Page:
• ‘Mrs Hudson’s Diaries: A View from the Landing at 221B’ by Bob and Barry Cryer – Now, as I’ve said, I am infatuated with both the BBC’s ‘Sherlock’ and Arthur Conan Doyle’s original stories, so the promise of more Holmes combined with Barry Cryer’s quick wit,Image which he demonstrates on ‘I’m Sorry, I Haven’t a Clue’ every week on BBC Radio 4, got me pretty damn excited. However, again, I was left disappointed, but in an entirely different way; whereas, had I not had such high expectations from Moran, I would probably have thought it was much better, this book just left me…ambivalent. What can I say about it, except that this Oliver Philpot chap who kept turning up was clearly meant to be amusing but was actually ridiculously annoying? There wasn’t nearly enough on Sherlock and Watson, and far too much on random characters invented to be friends to Mrs Hudson and fill out the story. The idea itself had a lot of potential, but this book was neither funny nor serious, neither excellent nor awful, merely average. Saying all this, many of the reviews on Amazon are very complimentary, so maybe I’m being harsh? But whereas I would probably recommend the other two books, I felt this was just a waste of time, as I plodded through it like thick custard, just waiting to get to the sweet, tart humour below, but it never came. So then I was left with just a bowl of custard. (Metaphor gone too far? Yeah, I agree. It stops here, don’t worry).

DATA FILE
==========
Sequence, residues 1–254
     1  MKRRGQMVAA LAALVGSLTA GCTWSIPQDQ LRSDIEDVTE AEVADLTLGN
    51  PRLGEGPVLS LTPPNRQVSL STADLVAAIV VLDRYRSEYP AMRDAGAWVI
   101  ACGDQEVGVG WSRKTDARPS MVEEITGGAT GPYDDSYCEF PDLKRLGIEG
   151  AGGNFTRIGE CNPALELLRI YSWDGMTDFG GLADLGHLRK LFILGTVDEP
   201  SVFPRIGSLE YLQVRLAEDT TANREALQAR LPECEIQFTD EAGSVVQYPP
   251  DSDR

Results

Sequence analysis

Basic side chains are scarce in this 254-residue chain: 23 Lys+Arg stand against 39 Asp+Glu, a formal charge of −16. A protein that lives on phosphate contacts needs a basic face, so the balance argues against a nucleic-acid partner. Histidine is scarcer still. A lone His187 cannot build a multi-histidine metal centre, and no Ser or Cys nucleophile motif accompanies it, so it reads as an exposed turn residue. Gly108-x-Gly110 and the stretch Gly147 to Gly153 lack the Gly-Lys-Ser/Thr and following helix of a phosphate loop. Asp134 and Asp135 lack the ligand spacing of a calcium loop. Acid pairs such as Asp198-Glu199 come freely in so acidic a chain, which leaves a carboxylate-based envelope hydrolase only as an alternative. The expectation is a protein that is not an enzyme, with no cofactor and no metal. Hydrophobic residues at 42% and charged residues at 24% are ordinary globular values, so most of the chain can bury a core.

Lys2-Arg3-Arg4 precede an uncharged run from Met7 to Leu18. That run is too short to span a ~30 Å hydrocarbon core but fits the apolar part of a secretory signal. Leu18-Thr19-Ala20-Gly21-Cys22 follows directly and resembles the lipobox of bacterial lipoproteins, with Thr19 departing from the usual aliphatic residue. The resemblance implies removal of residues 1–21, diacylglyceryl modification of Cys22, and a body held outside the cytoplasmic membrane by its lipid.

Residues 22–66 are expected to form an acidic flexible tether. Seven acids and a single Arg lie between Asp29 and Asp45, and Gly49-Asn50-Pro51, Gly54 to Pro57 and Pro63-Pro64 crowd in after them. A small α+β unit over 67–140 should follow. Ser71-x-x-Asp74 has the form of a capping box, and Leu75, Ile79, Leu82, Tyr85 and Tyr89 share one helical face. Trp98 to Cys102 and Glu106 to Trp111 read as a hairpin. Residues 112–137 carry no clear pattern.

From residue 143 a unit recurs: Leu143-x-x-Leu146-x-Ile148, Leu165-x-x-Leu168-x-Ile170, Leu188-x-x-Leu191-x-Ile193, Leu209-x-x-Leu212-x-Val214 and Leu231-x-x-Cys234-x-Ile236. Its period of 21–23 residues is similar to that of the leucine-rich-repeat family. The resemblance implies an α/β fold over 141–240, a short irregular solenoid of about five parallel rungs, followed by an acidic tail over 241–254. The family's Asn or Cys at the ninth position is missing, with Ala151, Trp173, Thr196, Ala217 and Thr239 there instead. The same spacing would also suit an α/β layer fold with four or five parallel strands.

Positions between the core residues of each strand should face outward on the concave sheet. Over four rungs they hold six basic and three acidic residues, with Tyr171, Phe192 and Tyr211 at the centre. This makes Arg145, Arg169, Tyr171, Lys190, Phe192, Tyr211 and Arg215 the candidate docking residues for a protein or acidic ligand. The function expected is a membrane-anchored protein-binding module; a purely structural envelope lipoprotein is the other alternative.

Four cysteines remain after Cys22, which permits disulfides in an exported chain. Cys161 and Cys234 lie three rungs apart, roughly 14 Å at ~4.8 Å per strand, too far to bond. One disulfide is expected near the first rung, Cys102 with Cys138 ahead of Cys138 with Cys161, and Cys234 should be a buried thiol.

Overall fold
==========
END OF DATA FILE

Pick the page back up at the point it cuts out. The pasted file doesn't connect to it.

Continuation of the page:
Wow, this a long post. Sorry guys – I lost half of it and then had to re-write and blahblahblah. Hope you’ve enjoyed reading it anyway! I’m going to see ‘Turn of the Screw’, an adaptation of Henry James’ novella at the Almeida this Friday, so I’ll be sure to report back on that. Currently I’m wading my way through ‘The Coming of the Third Reich’ by Richard Evans to help with my History A-Level, and then I’ve got a short novel lined up, kindly given to me by one of my teachers, but any suggestions for what to read after that would be gratefully received 🙂